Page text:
NEW ULM (TEC News) -- Humans aren't the only thing more active because of the mild winter.
Wild animals in south Minnesota are also enjoying the warmer than normal temperatures and lack of snow cover.
Ken Varland is the Department of Natural Resources' Regional Wildlife Manager in New Ulm.
"The mild winter has made life much easier for wildlife," says Varland. "Not so good for ice fishermen, but good for wildlife."
And animals that typically lay low are out and about.
"Some wildlife that may be hold up in the winter may be coming out," says Varland.
Possum or raccoons are among the animals who are normally holed up that are out from their typical winter cover.
And the lack of snow has made it less challenging to find food.
"The last two winters they (deer) cause quite a bit of damage to trees and shrubs in yards and to stored grain and forage," says Varland. "We're not hearing that this year."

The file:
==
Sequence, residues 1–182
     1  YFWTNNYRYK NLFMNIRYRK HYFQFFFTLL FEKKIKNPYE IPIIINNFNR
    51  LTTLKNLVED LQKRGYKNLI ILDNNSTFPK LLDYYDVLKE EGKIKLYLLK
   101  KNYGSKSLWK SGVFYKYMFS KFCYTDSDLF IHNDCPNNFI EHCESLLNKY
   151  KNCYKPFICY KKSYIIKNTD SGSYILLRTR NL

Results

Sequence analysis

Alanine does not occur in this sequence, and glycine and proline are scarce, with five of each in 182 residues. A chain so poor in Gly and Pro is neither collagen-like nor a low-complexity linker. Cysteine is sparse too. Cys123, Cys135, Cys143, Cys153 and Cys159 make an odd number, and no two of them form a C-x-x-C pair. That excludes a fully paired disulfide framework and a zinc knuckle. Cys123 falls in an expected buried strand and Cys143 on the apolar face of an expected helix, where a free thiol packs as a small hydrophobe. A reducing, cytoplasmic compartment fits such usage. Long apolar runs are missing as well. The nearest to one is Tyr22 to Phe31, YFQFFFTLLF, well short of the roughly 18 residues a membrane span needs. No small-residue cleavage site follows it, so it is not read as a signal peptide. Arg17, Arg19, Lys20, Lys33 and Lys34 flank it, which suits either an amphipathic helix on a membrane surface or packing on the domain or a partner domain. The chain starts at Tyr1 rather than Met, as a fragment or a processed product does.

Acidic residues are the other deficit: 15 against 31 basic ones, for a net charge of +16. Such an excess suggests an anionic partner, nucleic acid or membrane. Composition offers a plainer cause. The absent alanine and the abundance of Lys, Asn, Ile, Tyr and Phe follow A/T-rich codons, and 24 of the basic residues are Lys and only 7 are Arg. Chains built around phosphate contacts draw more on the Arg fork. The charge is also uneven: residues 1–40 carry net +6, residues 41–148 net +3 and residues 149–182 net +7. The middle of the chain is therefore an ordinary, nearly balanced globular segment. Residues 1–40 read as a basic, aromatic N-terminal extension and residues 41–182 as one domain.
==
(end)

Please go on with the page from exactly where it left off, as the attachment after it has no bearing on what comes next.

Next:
"With the milder temperatures they do not have to use as much energy to maintain body heat, for example," said Varland.
The lack of snow is making it safer for birds like pheasants who are less vulnerable to predators.
And deer, according to Varland, are much more widely dispersed this winter.
"They usually bunch up," says Varland.
However, much like we shouldn't get to comfortable with the lack of a need for really warm coats and snow blowers, neither should the animals.
"Once winter sets in, which I assume it will, animal behavior will change."